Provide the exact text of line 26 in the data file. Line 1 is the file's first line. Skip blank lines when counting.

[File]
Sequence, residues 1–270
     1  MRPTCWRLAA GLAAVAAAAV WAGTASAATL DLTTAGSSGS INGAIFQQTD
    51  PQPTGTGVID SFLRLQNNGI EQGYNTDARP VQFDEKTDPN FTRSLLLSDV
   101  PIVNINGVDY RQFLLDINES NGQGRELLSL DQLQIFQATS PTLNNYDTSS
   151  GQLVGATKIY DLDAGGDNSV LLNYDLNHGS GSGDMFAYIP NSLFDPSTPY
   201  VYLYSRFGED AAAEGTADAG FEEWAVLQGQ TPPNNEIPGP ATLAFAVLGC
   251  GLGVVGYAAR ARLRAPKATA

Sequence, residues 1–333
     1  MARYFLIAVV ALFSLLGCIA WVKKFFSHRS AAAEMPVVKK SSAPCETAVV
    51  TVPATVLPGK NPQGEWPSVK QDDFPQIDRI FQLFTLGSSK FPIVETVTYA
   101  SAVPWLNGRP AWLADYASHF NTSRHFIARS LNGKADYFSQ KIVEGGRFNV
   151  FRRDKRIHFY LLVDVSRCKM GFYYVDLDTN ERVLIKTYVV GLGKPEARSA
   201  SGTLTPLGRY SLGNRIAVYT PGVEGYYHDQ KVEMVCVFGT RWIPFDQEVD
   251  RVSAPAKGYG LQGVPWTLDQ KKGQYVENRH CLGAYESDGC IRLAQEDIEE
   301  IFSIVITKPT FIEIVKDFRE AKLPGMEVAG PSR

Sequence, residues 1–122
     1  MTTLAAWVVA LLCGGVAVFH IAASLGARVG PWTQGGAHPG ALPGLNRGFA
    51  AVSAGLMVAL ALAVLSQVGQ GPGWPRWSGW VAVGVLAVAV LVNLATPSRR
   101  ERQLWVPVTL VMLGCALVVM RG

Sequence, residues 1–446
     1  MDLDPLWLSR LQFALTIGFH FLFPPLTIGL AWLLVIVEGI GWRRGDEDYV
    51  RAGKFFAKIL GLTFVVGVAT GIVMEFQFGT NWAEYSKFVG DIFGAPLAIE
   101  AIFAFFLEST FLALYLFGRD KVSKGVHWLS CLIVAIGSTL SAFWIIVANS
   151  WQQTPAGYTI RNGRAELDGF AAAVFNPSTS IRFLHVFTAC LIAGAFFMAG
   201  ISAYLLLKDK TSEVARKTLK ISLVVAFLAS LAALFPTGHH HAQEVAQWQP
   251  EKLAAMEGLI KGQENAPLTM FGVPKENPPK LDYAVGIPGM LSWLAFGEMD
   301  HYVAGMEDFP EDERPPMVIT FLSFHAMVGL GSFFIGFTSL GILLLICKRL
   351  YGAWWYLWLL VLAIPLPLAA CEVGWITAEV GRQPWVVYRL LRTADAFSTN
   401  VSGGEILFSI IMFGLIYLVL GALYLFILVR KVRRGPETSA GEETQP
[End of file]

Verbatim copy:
   251  EKLAAMEGLI KGQENAPLTM FGVPKENPPK LDYAVGIPGM LSWLAFGEMD